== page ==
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Technical help with the F1 gearbox?

Discussion in 'California (Southern)' started by Christian Asis, Nov 15, 2003.

  1. Christian Asis

    Apr 28, 2003
    35
    Hi guys -

    I've done a search on this board and the old board and while I found a few spirited discussions (mostly to do with buying a 360 with or w/o the F1 tranny), I haven't really found what I'm looking for.

    I'm hoping that someone might be able to point me to a somewhat technical discussion of the F1 gearbox and how it works. It is my understanding that unlike the tiptronic gearbox that Porsche uses, the F1 box is a true "clutchless" manual gearbox and not an automatic that allows you to select gears. I searched Ferrari's web page to no avail.

    I'm asking because I was having a spirited argument with my boss today and its come down to a bet over lunch. He says the F1 box in the Fcar is nothing more than a glorified auto whereas I understand the truth to be different.

    Can you help?

    Christian
     
  2. Bmyth-FDC

    Bmyth-FDC F1 Rookie

    Oct 4, 2002
    2,742
    Southern California
    Full Name:
    Byron

    Christian, good too see you on here again...where have you been? :) I have a great article on this topic, in one of my magazines... the F1 tranny is NOT a glorified auto...and while the tiptronic is also "clutchless" there are main differences between a variable gearbox v. a true sequential manual gearbox such as the Ferrari F1, Aston Martin, and possibly the BMW SMG's. The standard "+/-" systems on automatic cars behave differently and have computers that will shift for you.

    The best thing for me to do is to dig up that article, then scan/fax it to you. I can't do the description justice... my only recollection is that there are main differences. I'll try to find it this weekend.

    Byron
     
  3. Christian Asis

    Apr 28, 2003
    35
    Hi Byron -

    I haven't been around much lately. I'm sorry about that but things have been pretty tough for me.

    Unfortunately, my dad suffered a pretty severe stroke about two months ago and I've been trying to help my family deal with the event. In fact, I sold my S2000 a few weeks ago to free up some cash to help my Mom deal with the finances. Kind of a bummer, but not really when you consider what's really important.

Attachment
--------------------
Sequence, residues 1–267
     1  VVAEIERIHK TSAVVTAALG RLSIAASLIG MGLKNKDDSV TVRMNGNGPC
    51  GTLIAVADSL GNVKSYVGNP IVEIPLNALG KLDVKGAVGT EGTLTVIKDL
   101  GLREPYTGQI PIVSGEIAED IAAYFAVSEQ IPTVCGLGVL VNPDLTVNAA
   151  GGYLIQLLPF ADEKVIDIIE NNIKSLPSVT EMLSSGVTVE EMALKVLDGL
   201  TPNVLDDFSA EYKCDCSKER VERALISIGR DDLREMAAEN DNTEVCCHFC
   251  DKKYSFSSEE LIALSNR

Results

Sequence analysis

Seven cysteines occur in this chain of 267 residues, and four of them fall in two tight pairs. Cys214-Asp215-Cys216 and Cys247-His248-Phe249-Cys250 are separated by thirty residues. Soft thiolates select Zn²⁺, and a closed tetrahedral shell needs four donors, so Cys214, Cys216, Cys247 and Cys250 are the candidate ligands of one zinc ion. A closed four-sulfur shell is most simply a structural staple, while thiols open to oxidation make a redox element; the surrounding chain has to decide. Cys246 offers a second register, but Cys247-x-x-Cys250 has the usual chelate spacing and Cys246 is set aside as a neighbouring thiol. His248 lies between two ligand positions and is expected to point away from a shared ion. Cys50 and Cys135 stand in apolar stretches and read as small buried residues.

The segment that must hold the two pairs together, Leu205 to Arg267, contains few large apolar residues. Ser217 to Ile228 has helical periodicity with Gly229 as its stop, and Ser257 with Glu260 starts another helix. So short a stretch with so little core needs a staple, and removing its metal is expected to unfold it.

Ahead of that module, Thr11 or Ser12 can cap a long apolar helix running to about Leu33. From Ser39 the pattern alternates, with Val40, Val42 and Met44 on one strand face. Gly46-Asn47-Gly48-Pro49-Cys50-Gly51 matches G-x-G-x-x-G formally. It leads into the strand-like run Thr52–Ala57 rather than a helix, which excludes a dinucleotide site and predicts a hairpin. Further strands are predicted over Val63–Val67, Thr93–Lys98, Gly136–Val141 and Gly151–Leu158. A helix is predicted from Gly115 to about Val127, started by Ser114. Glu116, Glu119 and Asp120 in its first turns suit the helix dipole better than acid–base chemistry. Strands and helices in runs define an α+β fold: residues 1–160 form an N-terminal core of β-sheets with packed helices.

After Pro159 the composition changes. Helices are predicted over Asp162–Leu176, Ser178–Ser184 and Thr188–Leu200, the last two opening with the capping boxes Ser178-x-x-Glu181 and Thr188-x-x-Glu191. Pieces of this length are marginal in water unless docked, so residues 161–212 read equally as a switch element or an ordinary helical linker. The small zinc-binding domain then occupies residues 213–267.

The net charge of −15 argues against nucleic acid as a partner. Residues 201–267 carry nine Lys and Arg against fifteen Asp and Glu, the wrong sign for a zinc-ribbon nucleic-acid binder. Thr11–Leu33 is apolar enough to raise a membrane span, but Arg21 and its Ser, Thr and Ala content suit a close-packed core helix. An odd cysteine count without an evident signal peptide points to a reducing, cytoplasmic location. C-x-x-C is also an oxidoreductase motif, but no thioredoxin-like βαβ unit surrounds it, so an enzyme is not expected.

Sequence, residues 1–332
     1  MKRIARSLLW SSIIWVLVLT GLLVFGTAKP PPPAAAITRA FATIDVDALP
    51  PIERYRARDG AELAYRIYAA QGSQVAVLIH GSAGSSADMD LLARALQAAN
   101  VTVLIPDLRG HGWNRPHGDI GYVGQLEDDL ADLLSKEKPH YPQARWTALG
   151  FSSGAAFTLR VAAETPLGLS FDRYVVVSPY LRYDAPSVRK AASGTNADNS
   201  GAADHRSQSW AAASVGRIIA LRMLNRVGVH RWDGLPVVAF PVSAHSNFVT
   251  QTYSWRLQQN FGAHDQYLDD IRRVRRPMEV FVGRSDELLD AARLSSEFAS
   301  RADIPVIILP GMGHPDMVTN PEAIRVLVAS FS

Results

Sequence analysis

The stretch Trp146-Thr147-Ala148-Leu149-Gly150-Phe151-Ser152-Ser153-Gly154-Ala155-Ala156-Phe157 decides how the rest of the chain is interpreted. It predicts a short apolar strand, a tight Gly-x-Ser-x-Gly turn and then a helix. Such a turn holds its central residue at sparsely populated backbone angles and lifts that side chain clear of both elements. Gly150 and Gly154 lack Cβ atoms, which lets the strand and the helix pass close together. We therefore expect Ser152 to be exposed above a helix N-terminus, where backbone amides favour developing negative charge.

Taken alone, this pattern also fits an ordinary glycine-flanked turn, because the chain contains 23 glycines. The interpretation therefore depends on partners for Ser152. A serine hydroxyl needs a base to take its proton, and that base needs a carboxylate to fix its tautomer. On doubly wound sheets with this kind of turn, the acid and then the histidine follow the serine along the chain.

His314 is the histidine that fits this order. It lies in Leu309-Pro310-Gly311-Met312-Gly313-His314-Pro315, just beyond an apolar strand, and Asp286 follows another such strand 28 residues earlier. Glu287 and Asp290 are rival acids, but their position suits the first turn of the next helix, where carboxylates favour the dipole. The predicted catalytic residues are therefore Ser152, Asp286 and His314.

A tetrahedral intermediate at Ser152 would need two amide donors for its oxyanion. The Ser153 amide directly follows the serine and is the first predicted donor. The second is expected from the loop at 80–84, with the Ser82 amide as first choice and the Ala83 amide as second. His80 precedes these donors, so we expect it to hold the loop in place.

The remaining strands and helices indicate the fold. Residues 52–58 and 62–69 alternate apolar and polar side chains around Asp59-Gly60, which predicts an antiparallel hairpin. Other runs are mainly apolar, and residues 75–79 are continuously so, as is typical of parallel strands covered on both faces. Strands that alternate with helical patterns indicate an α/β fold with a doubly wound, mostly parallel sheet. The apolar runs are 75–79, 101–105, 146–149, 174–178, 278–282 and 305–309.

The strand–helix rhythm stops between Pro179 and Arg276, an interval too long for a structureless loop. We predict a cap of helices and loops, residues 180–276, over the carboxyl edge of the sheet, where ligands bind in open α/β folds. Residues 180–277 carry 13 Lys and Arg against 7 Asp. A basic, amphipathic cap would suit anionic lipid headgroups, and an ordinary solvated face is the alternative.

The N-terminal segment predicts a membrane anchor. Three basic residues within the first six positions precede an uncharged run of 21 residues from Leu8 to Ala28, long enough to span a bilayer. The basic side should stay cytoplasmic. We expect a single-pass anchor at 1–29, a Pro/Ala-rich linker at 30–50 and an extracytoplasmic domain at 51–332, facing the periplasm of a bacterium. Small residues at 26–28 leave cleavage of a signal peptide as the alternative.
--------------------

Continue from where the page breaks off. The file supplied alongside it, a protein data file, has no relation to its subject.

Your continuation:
I still intend on checking in here because of the people and the cars but I haven't been posting too much because frankly, without my S2000 I feel kind of lame doing so.

    Anyway, your help in digging up the article would be appreciated.

    Christian
     
  4. rexrcr

    rexrcr Formula 3

    Nov 27, 2002
    1,572
    Kalamazoo, MI
    Full Name:
    Rob Schermerhorn
    On topic, the easiest way to delineate the two is a traditional automatic-based ("automanual") transmits power via fluid. It has a traditional toroidal torque converter, just like the one in a 1969 Chevy Malibu with a Hydramatic. This transmission has buttons and/or levers which does the same as placing a traditional PRNDL into low. In modern iterations, the shift is computer controlled utilizing sensors such as steering position, lateral acceleration, yaw, engine rpm, throttle position and throttle velocity to determine how and when to shift when you push the button.

    In a Ferrari with F1, it is a true manual transmission (or "manumatic"), with a traditional dry clutch, that has been converted to utilize hydraulic actuators in place of a shift linkage to the cockpit and link to the through out bearing for the clutch. Power is transmitted via mechanical linkage of the clutch's friction surfaces, no fluid power here.

    Again, just like in with a automanual, computer controlled shifting utilizing inputs from the aforesaid sensors to determine shift timing, speed and quality. BTW, it also blips the throttle for a perfectly timed downshift, saving the synchronizers from typical abuse.

    Best regards,

    Rob Schermerhorn


    Christian, sorry to hear about your dad.
     
  5. Bmyth-FDC

    Bmyth-FDC F1 Rookie

    Oct 4, 2002
    2,742
    Southern California
    Full Name:
    Byron
    Christian,
    I'm sorry to hear of the news as well - if there's anything we can do to help lift your spirits, just let me know... don't worry about "feeling lame" ... sometimes, talking about one of your passions in life helps to get your mind off things and put you at ease.

    I think Rexrcr summed it up pretty well there... Unfortunately, I wasn't able to dig up that article over the weekend, but I only looked in a few of my mags... I know I still have it in one of my archives - just need to look harder. I hope to find it for you soon.

    By the way, if you're ever in need of some seat time, even w/o a car, we can accomodate. Give me a heads up ahead of time, and we'll be happy to find you a passenger seat during one of our next drive events.

    Byron
     
  6. Christian Asis

    Apr 28, 2003
    35
    Thanks guys for the thoughts.

    Byron - I found a pretty good article written in an older R&T that won the bet. No need to keep digging, but I appreciate the offer.

    And I appreciate the offer of seat time and will likely take you up on that offer once my life gets somewhat back to normal. I've had zero free time for much of anything and know that I'm going to burn out soon if I don't find some recreational activities and frankly, without my little pride and joy, I'm going to have to rely on you guys for that:)

    Thanks again for the warm thoughts. I'm not super religious but I am spiritual and believe that thoughts and prayers go a long way.
     

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